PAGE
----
No matter the industry, whether it’s software development, legal, or marketing, everyone has to start somewhere. And sure, some may be lucky enough to jump into a new role in a company straight away, but I think for most people, a great way to start at any job is by applying for an internship. Why, you may ask?
Internships give you the opportunity. After these weeks or months of internship at a given company, you know if that’s what you want to do for the next few years, you know the pros and cons of such a position, how you can grow there, etc.
And at the end of it, if everyone involved feel like the cooperation is great and there’s a culture fit, you’ll often be offered a permanent job. But again, there are no strings attached! You can stay or leave it to pursue another career. It’s a big advantage of internship – I personally know many people that were disappointed by their first jobs and sometimes chose completely different career paths.
So overall, internships are a great way to gain IT experience, make new connections and see how you fit into the industry.
How did I transform from an intern to a web developer? What was my experience with the internship? Read about my journey at Gorrion.
Gorrion was my first software development company, and luckily, it turned out not to be the typical ‘corpo-house’; the one that we all know from the memes.
The first impression is important, and here, Gorrion came off very well. It’s obvious that a company is made mainly up of people. Still, there are also other aspects, like a great look of the office, its layout (open offices as opposed to smaller, separate rooms), the presence of places like a shared kitchen, dining room, and more. At Gorrion, I’ve found that all these things create a place you want to visit and work in.
All those things were there from the very beginning and allowed me to feel like a part of the company, which is necessary for a newbie.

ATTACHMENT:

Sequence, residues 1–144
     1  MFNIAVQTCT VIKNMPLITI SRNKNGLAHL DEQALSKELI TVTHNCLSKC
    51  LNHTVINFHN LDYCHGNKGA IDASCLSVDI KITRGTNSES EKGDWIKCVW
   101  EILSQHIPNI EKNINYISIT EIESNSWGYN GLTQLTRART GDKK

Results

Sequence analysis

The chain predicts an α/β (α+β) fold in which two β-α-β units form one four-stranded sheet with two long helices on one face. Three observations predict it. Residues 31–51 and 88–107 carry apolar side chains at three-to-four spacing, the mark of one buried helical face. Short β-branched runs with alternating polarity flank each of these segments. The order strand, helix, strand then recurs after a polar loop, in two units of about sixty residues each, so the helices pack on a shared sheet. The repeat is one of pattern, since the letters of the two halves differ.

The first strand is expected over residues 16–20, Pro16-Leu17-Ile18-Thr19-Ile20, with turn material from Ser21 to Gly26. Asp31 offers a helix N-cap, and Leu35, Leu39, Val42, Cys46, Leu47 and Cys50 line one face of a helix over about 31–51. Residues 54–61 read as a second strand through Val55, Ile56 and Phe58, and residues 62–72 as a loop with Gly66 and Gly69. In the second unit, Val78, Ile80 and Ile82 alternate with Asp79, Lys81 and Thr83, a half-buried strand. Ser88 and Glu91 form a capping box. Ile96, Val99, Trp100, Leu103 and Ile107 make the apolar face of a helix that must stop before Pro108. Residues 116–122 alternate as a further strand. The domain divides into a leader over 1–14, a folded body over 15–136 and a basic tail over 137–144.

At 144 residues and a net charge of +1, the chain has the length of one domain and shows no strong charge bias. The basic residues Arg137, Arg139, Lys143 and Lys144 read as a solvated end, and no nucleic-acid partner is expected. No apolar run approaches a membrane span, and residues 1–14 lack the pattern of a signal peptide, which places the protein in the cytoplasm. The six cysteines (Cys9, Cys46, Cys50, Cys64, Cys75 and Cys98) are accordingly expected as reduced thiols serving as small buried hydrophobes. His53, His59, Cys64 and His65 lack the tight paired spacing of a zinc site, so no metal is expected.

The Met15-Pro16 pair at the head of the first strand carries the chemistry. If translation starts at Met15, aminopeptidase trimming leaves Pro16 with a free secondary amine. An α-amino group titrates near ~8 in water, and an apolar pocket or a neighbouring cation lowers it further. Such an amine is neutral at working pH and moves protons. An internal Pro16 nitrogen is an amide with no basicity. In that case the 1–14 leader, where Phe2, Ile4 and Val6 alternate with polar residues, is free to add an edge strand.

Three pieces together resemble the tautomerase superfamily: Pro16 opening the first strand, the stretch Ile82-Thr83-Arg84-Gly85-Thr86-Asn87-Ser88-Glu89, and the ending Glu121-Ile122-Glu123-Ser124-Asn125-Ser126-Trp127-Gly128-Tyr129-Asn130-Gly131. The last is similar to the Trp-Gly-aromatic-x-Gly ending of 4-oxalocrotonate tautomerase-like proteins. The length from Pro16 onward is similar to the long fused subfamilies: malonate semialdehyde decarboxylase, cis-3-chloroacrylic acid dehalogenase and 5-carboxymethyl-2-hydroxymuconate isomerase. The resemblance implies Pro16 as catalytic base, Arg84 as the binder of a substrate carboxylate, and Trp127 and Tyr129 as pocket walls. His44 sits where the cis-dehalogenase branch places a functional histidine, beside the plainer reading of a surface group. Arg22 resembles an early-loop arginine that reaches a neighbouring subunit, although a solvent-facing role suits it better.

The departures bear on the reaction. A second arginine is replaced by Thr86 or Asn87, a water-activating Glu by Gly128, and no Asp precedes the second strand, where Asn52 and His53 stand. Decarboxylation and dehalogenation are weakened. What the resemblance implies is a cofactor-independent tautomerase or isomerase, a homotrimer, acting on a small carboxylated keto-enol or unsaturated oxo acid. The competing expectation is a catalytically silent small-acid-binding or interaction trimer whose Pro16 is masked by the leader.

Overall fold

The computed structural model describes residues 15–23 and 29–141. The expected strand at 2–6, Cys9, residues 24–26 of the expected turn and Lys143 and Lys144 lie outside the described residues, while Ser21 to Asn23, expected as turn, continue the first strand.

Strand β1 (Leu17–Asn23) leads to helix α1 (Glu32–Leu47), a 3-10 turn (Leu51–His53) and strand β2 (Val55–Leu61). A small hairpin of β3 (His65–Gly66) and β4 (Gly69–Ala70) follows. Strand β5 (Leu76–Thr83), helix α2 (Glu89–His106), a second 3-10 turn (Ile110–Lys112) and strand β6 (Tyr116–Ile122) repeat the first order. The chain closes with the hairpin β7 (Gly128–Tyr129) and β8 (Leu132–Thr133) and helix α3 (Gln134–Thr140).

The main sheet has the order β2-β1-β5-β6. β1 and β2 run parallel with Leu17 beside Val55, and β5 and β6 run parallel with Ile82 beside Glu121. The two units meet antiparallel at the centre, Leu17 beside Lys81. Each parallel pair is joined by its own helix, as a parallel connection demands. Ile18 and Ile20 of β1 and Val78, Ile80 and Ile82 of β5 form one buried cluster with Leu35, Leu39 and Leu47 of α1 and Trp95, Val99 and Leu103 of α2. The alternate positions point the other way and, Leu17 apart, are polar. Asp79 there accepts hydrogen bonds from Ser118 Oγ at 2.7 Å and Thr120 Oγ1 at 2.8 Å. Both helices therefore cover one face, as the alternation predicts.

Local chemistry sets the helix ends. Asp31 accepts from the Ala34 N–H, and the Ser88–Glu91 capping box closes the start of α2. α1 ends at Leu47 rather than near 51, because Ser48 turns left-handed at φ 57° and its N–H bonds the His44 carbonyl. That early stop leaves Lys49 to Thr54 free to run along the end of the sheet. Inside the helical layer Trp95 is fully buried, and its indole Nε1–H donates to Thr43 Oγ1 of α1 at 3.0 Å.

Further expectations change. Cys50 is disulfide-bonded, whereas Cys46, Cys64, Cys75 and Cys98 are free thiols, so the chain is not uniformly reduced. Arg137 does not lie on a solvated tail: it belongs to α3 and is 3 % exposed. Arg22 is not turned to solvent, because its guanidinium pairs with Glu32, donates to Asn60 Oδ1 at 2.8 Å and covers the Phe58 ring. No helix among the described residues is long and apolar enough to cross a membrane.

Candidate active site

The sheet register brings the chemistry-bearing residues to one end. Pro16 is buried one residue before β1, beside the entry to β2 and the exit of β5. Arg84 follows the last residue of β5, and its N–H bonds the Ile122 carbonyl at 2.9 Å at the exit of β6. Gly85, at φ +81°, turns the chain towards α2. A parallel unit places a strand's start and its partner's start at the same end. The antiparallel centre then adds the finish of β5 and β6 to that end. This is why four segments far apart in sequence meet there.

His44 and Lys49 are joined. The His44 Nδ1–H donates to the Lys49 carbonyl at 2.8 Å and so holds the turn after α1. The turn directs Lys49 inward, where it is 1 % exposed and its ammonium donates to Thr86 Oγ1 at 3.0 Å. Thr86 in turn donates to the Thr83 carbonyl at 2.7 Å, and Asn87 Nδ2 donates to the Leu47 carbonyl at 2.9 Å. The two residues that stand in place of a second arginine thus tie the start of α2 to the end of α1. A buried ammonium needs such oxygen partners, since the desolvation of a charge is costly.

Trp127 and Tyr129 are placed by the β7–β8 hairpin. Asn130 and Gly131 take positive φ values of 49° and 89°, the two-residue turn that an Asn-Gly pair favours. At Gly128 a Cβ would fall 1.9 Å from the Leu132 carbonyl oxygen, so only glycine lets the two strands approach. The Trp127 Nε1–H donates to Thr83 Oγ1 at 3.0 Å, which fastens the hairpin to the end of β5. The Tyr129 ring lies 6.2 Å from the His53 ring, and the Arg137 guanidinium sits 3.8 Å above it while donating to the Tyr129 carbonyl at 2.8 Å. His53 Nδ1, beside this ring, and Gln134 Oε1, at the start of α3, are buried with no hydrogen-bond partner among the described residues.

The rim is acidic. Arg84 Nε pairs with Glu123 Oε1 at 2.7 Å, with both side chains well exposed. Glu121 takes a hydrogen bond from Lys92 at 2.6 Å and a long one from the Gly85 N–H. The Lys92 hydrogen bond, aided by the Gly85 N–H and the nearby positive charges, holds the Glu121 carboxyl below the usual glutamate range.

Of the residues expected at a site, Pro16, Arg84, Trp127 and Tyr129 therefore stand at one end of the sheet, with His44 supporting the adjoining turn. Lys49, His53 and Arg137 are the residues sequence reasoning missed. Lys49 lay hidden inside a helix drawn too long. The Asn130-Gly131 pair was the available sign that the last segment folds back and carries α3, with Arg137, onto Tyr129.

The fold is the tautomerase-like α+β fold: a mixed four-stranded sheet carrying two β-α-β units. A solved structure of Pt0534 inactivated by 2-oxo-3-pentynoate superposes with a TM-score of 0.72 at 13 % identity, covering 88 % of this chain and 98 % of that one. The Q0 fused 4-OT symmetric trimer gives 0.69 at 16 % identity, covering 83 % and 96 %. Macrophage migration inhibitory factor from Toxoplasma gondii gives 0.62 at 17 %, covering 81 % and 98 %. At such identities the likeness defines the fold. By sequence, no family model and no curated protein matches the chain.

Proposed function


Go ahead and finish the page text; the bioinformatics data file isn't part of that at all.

Now let’s move on to the specifics about the Gorrion internship.
As for the project, I liked the clearly stated goal at the beginning of the work – it was clear that we were to create a specific app that should work and look in one way and not the other. Also, we knew that we were developing just an MVP (Minimum Viable Product), and our work would be further developed, which provided us with the feeling of doing a real project and not just a useless just-to-be-done one.
Another plus was the great work done by the UX/UI designer. We got a ready-made design for Planning Poker, so the whole issue of agreeing with the team about the product’s look disappeared completely. And as a student, who often had to solve such conflicts in the team, it was a big relief. Thanks to this, I could focus on actually developing the app.
We’ve made a great team. Though, sure, it was hard at the beginning, since we didn’t know each other. But with every hour passing by, there was more ease between us, and at the beginning of the second week of internship, we actually started to work as a capable, efficient team and learned how to cooperate.
We’ve worked in , and as for planning, everyone could pick tasks according to their actual abilities and finish them in more or less the same time as the estimated (although we all know that there are always a few exceptions, especially at the beginning).
I also really liked the work of our Product Owner, Michalina. She was patient with us, especially during the first planning (where no one said absolutely anything without being explicitly asked). But luckily, as we learned how to cooperate, we also started to work with her as we should.